We had an interesting experience when we arrived. As we were walking into the terminal, an Indonesian immigration officer approached us and pulled us to the side. He asked how many were in our group and said that he could expedite our visas. We knew that the fee for the visas was $10 US so we had some US currency with us. But he said we could pay in Singapore dollars. "Let's see. $10 US is $18 Singapore. Times four is $74 Singapore." At least that is what he said. Well, that's not quite right. Aside from the obvious error in multiplication, $10 US is only $15 Singapore. So the visas should have been $60 Singapore, not $74. No wonder he was so eager to help. He thought he could make a fast $10 US. But instead we said that we would be happy to pay in US dollars and had exactly $40. He looked disappointed, but took care of the paperwork for us. Pretty soon we were through immigration. We went to the Banyan Tree Resort counter and they arranged for two cars to take us to the resort. The ride was less than ten minutes.

Shannon looking for the big wave in the South China Sea

The Banyan Tree Resort was really nice. Instead of a check in desk they had a lounge area with comfortable couches, soothing music and incense and flowers. We even got a drink of sweet ginger-tea. Normally I am not much of a tea drinker, but this was good. While you sat and relaxed a person from the resort took you though the check in process. Soon we were ready, we hopped on a golf cart, and were driven to our two villas. The villas were really nice, with a patio looking over the ocean. Each patio had its own hot tub (although in the tropics a hot tub loses some of its allure). The bedrooms were nice and there was a mosquito net over the bed just in case a bug got into the room. The bathroom was cool with a huge glass window in the shower. That sounds weird but since the villas were on a steep hillside overlooking the ocean, you would have had to be a quarter of a mile out to sea to see into the bathrooms. So when you took a shower you had a great view.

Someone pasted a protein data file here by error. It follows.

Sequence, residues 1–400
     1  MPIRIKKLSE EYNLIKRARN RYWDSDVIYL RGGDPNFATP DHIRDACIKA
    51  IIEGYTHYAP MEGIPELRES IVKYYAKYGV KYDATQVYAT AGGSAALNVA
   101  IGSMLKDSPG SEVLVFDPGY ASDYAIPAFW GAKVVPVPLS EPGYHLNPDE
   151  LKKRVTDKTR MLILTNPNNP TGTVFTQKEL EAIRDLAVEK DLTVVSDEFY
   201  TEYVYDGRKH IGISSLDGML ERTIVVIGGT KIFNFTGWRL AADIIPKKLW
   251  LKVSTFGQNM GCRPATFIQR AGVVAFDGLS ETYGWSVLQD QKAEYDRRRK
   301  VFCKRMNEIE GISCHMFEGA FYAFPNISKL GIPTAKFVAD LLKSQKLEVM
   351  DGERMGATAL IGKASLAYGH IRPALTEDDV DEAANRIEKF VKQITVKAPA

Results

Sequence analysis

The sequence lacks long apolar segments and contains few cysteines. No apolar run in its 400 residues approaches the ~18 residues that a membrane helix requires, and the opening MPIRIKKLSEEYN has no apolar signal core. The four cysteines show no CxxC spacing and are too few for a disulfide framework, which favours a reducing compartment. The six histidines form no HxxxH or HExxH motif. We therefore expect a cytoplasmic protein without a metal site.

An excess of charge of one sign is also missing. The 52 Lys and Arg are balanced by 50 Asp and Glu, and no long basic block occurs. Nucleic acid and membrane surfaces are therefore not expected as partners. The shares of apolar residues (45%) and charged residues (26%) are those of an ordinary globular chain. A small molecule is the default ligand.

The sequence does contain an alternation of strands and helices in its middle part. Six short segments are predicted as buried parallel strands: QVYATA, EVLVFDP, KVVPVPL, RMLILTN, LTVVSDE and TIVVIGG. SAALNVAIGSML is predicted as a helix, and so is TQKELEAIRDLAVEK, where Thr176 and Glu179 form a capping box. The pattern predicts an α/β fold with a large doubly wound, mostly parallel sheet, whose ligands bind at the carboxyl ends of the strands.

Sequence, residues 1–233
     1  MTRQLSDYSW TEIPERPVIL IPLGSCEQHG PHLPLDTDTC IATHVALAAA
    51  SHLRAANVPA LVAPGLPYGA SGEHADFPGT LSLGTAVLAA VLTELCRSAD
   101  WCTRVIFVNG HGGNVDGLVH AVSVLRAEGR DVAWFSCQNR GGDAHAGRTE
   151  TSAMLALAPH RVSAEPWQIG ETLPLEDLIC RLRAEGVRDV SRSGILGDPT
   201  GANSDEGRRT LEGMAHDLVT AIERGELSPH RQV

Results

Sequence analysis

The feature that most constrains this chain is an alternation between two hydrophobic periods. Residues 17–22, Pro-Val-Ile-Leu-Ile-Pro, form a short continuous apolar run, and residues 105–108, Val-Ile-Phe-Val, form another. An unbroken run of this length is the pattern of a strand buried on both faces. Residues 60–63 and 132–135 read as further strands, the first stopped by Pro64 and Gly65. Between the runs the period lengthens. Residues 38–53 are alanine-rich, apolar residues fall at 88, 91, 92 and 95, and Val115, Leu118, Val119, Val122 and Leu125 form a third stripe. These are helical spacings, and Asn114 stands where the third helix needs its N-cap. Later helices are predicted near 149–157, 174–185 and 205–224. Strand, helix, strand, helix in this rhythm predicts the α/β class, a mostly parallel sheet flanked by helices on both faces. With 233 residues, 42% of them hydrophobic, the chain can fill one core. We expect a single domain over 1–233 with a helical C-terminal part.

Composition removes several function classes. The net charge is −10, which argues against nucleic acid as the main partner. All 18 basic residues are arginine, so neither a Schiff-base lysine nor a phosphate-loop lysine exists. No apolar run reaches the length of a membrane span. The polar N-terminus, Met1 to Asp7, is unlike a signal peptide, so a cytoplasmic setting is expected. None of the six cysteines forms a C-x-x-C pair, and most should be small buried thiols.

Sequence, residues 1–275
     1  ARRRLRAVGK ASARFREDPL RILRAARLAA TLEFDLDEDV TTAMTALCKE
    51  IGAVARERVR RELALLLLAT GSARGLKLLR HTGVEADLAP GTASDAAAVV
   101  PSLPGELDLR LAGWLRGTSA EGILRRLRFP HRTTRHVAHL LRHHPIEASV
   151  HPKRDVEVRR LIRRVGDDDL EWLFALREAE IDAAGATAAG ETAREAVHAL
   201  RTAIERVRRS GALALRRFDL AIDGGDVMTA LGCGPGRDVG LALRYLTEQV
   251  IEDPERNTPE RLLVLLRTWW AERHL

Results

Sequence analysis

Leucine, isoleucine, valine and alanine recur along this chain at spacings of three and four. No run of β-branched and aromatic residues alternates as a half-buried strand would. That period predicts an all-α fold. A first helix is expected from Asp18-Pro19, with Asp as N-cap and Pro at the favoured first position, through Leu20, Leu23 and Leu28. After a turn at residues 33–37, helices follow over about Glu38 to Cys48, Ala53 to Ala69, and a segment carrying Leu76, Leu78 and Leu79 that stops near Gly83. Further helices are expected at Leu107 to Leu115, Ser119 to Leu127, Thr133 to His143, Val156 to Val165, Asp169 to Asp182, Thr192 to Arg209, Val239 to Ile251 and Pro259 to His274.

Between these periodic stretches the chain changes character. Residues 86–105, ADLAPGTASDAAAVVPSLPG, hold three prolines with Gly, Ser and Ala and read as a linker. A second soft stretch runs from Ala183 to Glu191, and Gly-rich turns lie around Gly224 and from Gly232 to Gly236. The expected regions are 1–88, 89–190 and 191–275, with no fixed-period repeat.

The mysterious debris on our patio

We had two full days at the resort to just kick back. On Friday Sandy had a massage and a bunch of spa treatments, so I had some time to explore on my own. I walked down to the beach and over to the next resort. I explored a rocky area where they offer a special dinner arrangement right down on the rocks next to the ocean. The place was expensive enough though- I didn't even want to know how much the dinner on the rocks was. The most interesting thing was how much work they went through to run a cable through a slot cut about 50 feet through solid rock to reach the platform for the table.

There was a beautiful beach right next to the resort. Sandy and I took walks on it a couple of times. Shannon and Dominique spent an afternoon in the surf playing around with bogie boards and trying body surfing. I went in just enough to count for a swim in the South China Sea. And there were very few people.

Our surprise guests

The resort had three restaraunts. The fancy one was an Asian restaraunt and the only one with a dress code. We passed on that. But another one served standard Western cuisine - I had a good steak there the first night. And their other restaurant was an Italian place with pretty good pasta and pretty good pizza. And it was great for lunch with a patio looking out over the water. The breakfast buffet was excellent with lots of choices and even French Champaigne. Quite decadent.

The weather was passable, but not really great. The whole time we were there it was overcast and we had a few rain showers. On the other hand it was a little cooler than normal so it was never too hot. Such is visiting during the monsoon. Even with the overcast, the coastline was beautiful. A sweeping beach, dense jungle, a rocky shoreline pounded by big waves. Off in the distance there was a constant line of ships visible heading in and of Singapore. In the far distance we could see the Malay peninsula and one evening just at sunset the clouds were backlit and we could see the skyscapers of the Singapore silhoutted against the sky. Beautiful.